Fish, while being a delicious meal, can sometimes stink tremendously. If it’s not fresh enough, or worse, if a co-worker decides to microwave it in the office, the smell can be enough to make you gag.
But for some cultures, fish that stinks to high heavens can be seen as a delicacy, such as the Swedish surströmming.
This dish, served in a can, is a lightly-salted Baltic sea herring that has been fermented for at least six months.
The salt applied to the fish is barely enough to prevent it from rotting, which in turn creates one of the worst possible stenches inside of the can. In fact, a Japanese study that focused on measuring the stench of foods judged surströmming to be the smelliest food in the entire world!
Special precautions must be made when eating surströmming, or else the smell emanating from the dish could make the eater, or those around the eater, sick to their stomach. Opening the can indoors would be a terrible idea, for the scent would quickly permeate the area and linger for far too long.
The pressure from the can creates a danger as well, for popping the can open could cause the brine to splash everywhere, soaking into clothing and the environment. The brine retains the full smell and can linger for quite some time. This is often why surströmming is opened when submerged in a bucket of cold water, as a way to prevent the spray from getting all over the place.
Surströmming is a bit of an acquired taste and for those who aren’t accustomed to the smell of the can, it can be rather overwhelming. One particular case of surströmming’s stench coming under fire was when a German landlord in 1981, discovered that one of his tenants was busy smearing a can of the stuff in the stairwell.
This was done by the tenant to annoy one of the nearby neighbors, with whom they were embroiled in a petty feud. The scent was unbelievably atrocious and caused serious duress in those who were living in the building at the time.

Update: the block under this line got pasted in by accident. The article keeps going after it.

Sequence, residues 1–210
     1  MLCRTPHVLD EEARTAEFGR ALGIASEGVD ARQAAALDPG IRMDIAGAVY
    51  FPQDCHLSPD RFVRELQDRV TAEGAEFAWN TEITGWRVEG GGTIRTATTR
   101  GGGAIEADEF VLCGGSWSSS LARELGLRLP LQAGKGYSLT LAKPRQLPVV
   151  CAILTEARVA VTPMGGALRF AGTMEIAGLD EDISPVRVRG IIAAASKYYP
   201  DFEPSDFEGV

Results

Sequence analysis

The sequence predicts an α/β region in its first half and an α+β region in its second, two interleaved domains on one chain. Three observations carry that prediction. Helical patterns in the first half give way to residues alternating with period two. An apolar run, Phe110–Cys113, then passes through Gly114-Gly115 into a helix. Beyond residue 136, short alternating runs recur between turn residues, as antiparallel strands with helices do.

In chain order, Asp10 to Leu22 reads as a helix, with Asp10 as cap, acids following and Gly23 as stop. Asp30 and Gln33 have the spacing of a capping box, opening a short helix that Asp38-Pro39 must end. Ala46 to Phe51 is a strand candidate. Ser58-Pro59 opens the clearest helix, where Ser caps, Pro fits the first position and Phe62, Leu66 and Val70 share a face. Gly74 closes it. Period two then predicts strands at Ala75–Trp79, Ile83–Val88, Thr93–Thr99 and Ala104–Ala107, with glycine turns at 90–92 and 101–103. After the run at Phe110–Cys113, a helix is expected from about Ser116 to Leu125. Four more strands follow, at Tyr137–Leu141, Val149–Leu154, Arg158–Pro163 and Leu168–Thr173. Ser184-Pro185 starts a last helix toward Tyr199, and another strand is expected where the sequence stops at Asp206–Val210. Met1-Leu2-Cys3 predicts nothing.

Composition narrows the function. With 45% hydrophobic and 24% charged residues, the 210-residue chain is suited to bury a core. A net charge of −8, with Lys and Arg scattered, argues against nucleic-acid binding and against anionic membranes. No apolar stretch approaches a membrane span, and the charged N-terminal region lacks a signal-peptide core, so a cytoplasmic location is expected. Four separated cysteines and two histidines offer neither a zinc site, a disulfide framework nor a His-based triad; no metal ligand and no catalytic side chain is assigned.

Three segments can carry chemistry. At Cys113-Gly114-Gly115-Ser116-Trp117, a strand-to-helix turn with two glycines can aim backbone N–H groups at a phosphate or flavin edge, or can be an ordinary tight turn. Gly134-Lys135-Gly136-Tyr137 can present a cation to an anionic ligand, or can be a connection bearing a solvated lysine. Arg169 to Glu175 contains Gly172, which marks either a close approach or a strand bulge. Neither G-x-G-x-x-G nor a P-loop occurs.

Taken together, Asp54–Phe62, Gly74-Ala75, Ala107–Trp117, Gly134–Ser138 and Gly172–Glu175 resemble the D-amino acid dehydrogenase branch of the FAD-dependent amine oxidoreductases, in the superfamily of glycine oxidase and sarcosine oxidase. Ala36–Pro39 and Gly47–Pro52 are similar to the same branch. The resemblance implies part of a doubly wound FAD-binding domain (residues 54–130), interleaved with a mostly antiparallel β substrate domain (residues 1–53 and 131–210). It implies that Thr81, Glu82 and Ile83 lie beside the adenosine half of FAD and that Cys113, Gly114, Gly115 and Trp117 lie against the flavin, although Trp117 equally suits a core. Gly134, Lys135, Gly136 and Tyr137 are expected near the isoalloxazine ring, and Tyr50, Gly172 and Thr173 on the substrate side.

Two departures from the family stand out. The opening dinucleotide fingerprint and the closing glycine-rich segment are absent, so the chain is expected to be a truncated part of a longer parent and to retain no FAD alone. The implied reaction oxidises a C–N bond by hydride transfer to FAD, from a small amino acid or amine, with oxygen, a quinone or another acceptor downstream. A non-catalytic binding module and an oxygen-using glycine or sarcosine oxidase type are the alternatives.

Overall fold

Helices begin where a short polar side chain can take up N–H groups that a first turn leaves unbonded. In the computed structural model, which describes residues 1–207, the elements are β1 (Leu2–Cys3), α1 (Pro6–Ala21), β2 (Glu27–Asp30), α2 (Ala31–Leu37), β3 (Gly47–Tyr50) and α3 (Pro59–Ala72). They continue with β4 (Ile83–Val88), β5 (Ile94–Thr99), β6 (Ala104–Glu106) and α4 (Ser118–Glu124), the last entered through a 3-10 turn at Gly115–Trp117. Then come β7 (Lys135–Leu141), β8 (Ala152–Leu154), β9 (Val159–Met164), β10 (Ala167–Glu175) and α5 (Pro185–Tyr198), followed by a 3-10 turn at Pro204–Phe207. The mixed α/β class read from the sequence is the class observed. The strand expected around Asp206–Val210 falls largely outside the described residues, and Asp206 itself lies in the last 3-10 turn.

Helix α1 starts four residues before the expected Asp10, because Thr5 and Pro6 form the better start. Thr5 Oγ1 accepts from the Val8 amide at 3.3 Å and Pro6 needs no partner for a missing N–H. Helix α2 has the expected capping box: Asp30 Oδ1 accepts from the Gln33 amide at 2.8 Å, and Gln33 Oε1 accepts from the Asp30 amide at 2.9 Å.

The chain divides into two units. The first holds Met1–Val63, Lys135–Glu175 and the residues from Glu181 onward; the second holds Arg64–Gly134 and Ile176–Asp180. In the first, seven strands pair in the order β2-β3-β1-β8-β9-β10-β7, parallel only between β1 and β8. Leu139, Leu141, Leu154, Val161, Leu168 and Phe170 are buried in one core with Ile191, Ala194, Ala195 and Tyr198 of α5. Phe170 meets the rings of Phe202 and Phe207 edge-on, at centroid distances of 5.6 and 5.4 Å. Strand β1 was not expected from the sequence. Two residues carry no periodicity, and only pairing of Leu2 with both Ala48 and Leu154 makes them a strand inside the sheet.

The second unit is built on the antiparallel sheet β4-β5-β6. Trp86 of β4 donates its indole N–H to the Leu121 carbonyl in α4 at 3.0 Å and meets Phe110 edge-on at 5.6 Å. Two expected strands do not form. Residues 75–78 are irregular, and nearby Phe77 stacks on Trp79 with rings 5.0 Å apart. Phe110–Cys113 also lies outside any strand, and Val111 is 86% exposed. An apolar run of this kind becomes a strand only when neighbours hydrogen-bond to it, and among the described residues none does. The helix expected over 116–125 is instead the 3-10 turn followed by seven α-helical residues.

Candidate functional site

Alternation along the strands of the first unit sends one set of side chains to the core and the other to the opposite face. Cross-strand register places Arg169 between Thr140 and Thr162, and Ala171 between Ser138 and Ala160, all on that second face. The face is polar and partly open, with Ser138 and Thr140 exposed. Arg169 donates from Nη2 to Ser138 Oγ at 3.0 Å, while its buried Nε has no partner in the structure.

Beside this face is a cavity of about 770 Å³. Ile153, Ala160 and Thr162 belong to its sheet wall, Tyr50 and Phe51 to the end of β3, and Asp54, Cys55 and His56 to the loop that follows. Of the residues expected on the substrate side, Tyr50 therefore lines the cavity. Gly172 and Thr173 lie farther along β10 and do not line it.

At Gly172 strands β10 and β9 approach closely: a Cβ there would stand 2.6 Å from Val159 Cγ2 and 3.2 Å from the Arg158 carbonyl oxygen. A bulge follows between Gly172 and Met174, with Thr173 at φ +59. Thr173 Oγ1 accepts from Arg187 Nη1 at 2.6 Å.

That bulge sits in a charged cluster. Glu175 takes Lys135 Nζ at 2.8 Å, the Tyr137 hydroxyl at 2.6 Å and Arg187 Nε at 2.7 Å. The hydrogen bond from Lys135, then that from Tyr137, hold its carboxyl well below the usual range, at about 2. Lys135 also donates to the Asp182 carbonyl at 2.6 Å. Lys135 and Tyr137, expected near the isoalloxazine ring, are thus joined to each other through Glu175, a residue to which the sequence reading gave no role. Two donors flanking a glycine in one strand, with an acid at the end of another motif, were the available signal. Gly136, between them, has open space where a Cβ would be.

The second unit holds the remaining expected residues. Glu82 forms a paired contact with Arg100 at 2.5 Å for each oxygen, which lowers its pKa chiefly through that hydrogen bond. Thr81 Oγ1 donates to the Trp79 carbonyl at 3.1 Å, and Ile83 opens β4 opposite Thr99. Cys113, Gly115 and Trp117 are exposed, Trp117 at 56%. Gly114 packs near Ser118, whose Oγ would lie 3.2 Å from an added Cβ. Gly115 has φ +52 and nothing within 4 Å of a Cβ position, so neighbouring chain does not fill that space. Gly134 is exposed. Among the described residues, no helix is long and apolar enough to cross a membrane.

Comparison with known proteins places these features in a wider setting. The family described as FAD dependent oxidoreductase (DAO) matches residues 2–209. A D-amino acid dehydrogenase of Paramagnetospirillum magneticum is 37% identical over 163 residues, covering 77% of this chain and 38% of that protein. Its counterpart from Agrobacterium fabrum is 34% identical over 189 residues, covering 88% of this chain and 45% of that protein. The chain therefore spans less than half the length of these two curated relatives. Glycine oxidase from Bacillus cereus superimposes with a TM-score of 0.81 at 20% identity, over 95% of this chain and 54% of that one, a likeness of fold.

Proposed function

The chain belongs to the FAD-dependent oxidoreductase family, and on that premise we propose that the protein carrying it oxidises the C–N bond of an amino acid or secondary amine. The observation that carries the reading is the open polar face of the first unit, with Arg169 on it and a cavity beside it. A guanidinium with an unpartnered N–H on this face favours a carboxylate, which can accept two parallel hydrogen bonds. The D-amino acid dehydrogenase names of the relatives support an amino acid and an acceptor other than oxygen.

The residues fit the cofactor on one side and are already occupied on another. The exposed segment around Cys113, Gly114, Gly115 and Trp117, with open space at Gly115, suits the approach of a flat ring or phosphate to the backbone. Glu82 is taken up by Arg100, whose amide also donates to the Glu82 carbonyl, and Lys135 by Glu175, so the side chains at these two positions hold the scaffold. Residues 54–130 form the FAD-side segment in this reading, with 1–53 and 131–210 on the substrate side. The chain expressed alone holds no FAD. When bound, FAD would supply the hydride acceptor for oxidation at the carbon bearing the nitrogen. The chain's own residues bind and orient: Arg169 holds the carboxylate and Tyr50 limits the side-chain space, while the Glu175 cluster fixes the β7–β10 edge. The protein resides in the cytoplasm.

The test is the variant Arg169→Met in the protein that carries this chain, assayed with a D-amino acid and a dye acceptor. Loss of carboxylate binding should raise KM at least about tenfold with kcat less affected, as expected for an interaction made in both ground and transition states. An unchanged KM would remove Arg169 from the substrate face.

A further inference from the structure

With such a terrible smell emanating from the stairwell, the landlord sought to have his tenant evicted. Such an act was more than simple malfeasance — the terrible rotting smell of the brine continued to linger for quite some time. However, by throwing out the tenant, the landlord violated the tenants’ rights. In Germany, evicting an individual without notice is grounds for a lawsuit and as such, the landlord found himself taken to court.
The landlord didn’t have too difficult of a time proving that his tenant’s vandalism warranted such a hasty removal. All he had to do was open a can of surströmming in the courtroom, no doubt causing the majority of people inside to gag and wish desperately to leave the premises as quickly as possible.
The courts, having been subjected to the same olfactory torture as the landlord’s tenants had been, quickly ruled in favor of the landlord. The smearing of the brine was too much of a crime to allow the tenant to stay.
Surströmming, considered to be both a delicacy and a nuisance, is certainly nothing to mess with. Yet, with all of the negative publicity that the dish receives, from being banned in airports to evictions, there are some individuals who do enjoy the taste and have learned to stomach the smell of surströmming. They would argue that it tastes nothing like it smells.
Although in the words of one German critic, Wolfgang Fassbender “the biggest challenge when eating surströmming is to vomit only after the first bite, as opposed to before.” Bon appetite.